Colin Pitchfork: First killer caught by DNA "should move to open prison"
A man who raped and murdered two girls and became the first person to be convicted using DNA should be moved to an open prison, the justice secretary said.
Colin Pitchfork, now 55, was given a life sentence in 1988 for the rape and murder of 15-year-olds Lynda Mann and Dawn Ashworth in Leicestershire.
A Parole Board refused his request for release but recommended open prison.
Justice Secretary Michael Gove has now agreed with the recommendation.
In statement, the Prison Service said moving an inmate to an open prison did "not guarantee eventual release in any form", adding "public protection is our top priority".
Pitchfork, then 27, was jailed in 1988 after an unprecedented mass screening of 5,000 men in Leicestershire using pioneering DNA profiling.
He admitted the two attacks and was described by the judge as "a danger to young women" whose crimes were of a "particularly sadistic kind".
The families of Lynda and Dawn both called on the Parole Board not to release Pitchfork and a petition signed by almost 20,000 people was submitted to the panel.
Barbara Ashworth, Dawn's mother, previously said she was concerned Pitchfork could harm a member of the public if allowed out of open prison on temporary release.
"It's a process whereby he's released more gradually and gradually into the community again," she said.
Ms Ashworth added that "life should mean life".
Colin Pitchfork: Two brutal murders
- Colin Pitchfork, 22 at the time of the first murder, was married with two sons. He was a baker who grew up in rural Leicestershire and lived in Littlethorpe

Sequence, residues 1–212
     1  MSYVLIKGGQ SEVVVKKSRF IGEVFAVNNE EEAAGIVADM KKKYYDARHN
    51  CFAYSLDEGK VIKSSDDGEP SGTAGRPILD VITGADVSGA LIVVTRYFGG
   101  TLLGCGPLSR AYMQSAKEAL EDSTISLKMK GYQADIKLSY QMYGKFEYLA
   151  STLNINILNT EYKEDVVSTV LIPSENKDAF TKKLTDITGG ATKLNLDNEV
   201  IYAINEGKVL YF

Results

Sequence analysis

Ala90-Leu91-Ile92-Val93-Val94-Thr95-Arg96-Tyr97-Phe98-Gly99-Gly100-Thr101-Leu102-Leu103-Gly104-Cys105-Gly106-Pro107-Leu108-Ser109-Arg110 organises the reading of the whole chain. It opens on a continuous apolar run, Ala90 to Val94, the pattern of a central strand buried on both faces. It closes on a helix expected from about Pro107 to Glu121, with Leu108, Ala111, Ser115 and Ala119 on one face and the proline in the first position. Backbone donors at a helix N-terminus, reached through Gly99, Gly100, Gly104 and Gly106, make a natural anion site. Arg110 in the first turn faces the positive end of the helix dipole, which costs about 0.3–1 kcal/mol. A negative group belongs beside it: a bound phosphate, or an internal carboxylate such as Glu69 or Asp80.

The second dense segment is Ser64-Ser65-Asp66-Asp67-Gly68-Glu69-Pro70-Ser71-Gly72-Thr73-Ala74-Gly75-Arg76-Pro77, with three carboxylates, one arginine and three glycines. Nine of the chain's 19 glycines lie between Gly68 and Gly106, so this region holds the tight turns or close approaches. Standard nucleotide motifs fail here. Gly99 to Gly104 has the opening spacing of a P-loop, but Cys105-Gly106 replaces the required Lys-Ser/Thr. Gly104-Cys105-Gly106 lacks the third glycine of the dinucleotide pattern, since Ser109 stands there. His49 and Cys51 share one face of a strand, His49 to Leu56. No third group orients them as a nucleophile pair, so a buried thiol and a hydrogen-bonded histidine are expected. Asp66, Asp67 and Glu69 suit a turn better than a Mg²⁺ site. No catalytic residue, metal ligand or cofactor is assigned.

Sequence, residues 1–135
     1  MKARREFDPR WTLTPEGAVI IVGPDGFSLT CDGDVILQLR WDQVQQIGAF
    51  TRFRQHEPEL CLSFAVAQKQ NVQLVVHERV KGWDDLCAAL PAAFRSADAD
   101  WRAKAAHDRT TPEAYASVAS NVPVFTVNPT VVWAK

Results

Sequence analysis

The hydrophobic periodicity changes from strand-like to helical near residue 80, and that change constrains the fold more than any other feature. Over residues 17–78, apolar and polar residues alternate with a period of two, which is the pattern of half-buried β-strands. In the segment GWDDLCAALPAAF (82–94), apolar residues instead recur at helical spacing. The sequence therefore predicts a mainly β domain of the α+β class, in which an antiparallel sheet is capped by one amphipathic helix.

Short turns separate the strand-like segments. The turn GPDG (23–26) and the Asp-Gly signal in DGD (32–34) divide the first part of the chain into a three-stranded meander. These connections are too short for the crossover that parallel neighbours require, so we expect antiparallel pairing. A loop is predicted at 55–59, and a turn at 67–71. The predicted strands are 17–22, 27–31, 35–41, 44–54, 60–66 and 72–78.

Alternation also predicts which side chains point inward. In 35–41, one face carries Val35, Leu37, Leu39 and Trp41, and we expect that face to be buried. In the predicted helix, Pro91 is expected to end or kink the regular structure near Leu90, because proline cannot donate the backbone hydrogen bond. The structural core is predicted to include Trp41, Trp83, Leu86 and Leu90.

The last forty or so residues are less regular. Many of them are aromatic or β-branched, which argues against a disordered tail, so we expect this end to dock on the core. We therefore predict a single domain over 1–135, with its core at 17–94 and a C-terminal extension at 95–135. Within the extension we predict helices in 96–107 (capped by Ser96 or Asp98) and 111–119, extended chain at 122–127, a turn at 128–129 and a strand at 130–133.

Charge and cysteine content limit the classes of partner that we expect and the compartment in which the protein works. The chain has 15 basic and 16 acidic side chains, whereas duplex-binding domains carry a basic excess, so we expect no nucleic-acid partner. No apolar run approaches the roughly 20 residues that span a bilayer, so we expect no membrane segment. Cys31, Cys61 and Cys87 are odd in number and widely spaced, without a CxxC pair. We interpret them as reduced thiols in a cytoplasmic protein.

- In November 1983 he left his baby son sleeping in the back of his car and raped and strangled 15-year-old Lynda Mann with her own scarf in Narborough. He then drove home and put his son to bed
- Three years later, less than a mile from where Lynda died, he raped and murdered Dawn Ashworth, also 15, of Enderby. The pathologist who examined her body described it as a "brutal sexual assault"
- A police investigation initially led to the wrong man, Richard Buckland, a local 17-year-old who falsely confessed to one of the killings. After an unprecedented mass screening of 5,000 men using pioneering "DNA profiling" technology, Pitchfork was eventually caught. At first, Pitchfork had evaded justice by persuading a colleague to take the test for him
- He pleaded guilty to both murders in September 1987 and was sentenced to life in January 1988. The judge said the killings were "particularly sadistic" and he doubted Pitchfork would ever be released
- In 2009, his 30-year life tariff was reduced by two years for "exceptional progress" - a decision that was strongly criticised by the families of his victims
The lord chief justice at the time said after he was jailed that "from the point of view of the safety of the public I doubt if he should ever be released".
Pitchfork was given a life sentence with a minimum term of 30 years, but in 2009 the Court of Appeal reduced the minimum term to 28 years.
Speaking at the time of the reduction, Lord Judge said Pitchfork's progress since he was first incarcerated "goes far beyond general good behaviour and positive response to his custodial sentence, but reflects very creditable assistance to disabled individuals outside the prison system".
How DNA caught Colin Pitchfork
The police turned to the University of Leicester's Dr Alec Jeffreys for help in cracking the case.
With DNA profiling, originally used in paternity disputes, experts proved a 17-year-old boy's innocence before carrying out a mass screening of 5,000 men.
Even then, Pitchfork evaded justice by persuading a colleague to take the test for him, going so far as to replace his passport photograph.
But he was overheard boasting about the case in the pub and was eventually arrested. His DNA profile ultimately led to his guilty plea and 30-year term.
In a statement, the Prison Service said: "The independent Parole Board decided not to release this offender. Instead it recommended a transfer to open conditions and that recommendation has been accepted.
"Public protection is our top priority and transfers to open conditions can only be made after a thorough, expert, risk assessment carried out.
"A transfer to open prison does not guarantee eventual release in any form - whether that be on a temporary or other form of licence. Before that happens, offenders must meet another stringent set of tests."
The Parole Board will not recommend a prisoner's move to open conditions unless it considers it safe to do so.